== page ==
Henry Moore’s miniature sculptures celebrated in Bath show

Henry Moore is celebrated for his monumental sculptures that turn city squares and parks into outdoor art galleries. But the Holburne Museum in Bath is staging a groundbreaking exhibition called Henry Moore in Miniature, a collection of the great artist’s works that could fit into the palm of the hand.

The museum’s director, Chris Stephens, said its relatively small spaces meant one of the themes of its programme was to showcase the intimate in art – and the retrospective of mini Moores met the brief perfectly.

He said visitors to the exhibition, which opened on Friday, would be able to imagine Moore industriously working away in his studio, finding new shapes and textures.

“The exhibition serves as a reminder that sculpture is as much an art of the hand – in its making and appreciation – as of the eye. An object may be small in size but large in scale,” he said.

The show, billed as the first of its kind, features sculptures in stone, wood, terracotta, plaster, lead, bronze and Plasticine, and takes in themes recurrent in Moore’s work: the reclining female figure, mother and child, the human head, the fallen warrior. It has works from every decade of his career, from the 1920s to the 1980s.

The first piece the visitor encounters is a mother and child from the 1920s modelled in Plasticine, which, pleasingly, was invented at the end of the 19th century by a teacher at Bath Academy of Art, William Harbutt. It sits next to a small animal head made of boxwood in 1921.

Another intriguing display features of a pair of mother-and-childs from the 1930s modelled in plaster and cast in lead, which Moore melted in saucepans on a kitchen stove. Stephens said the lead gave the pieces a “poisonous” air, which perhaps reflected political times as the world headed towards war.

‘An enormous amount of Henry Moore’s work began with his modelling,’ his daughter said. Photograph: Adrian Sherratt/The Guardian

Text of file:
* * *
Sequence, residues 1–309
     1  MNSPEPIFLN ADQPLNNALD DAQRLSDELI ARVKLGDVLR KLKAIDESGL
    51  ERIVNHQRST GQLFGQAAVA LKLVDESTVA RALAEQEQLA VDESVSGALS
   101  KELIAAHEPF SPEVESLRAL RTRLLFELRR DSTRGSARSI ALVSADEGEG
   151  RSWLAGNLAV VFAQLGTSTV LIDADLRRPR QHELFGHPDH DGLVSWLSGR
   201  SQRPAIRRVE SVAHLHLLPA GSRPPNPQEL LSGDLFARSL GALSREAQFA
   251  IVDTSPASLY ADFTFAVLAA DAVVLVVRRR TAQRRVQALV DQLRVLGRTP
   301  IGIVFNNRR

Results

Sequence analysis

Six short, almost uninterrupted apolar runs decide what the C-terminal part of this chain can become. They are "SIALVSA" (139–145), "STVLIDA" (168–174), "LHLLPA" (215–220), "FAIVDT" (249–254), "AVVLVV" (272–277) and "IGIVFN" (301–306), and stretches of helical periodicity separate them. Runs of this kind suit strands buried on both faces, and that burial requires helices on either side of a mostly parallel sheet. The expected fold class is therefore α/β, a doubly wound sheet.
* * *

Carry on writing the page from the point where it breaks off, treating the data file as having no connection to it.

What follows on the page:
Seen in public for the first time is a collection of small terracotta heads that Moore modelled while planning two carved heads for a church at Much Hadham, in Hertfordshire, in the 1950s.

Stephens said: “These reflect his interest in classical traditions, tribal masks and, perhaps, the graffiti carved into walls in Paris captured by the photographer Brassaï.” Moore’s fingerprints and tool marks are clearly visible in the heads.

The final displays are maquettes for yet more mother and child sculptures, dating from the late 1970s and early 1980s, and a cabinet of found objects from his studio that Moore worked with – bones, flints, stones.

Presented in partnership with the Henry Moore Foundation, the exhibition features more than 60 works, gathered in one room on the top floor of the museum. Moore’s daughter, Mary Moore, said she was delighted these smaller pieces would be seen.

She said: “An enormous amount of Henry Moore’s work – particularly the starting point for his universally familiar large-scale sculpture – began with his modelling, with his turning, moulding and forming in the palm of his hands.”

Mr Doodle at the Doodle House in Tenterden, Kent, in 2022. Photograph: Gareth Fuller/PA

By way of contrast, a second show that opened at the Holburne on Friday stars a very different artist – Sam Cox, better known as Mr Doodle, who has almost 3 million followers on Instagram, sells his work for hundreds of thousands of pounds a time and has covered every inch of his Kent home with his intricate patterns.

Mr Doodle! Museum Mayhem is the first UK museum exhibition of his work, with the Holburne allowing Doodle to take over parts of the building and daub it with his “graffiti spaghetti” of black ink on white background.

He has also been given the go-ahead to replace some of its pieces with his own work. For example, John Constable’s Flatford Lock from the Bridge (circa 1814-17) has been replaced with Doodle House from the Gates (2024).

Doodle studied illustration at UWE Bristol and used to bring a suitcase of his work to Bath to try to barter for a meal or a drink. “That was mostly unsuccessful,” he said. “It’s cool to come back and do something grander.”

The Guardian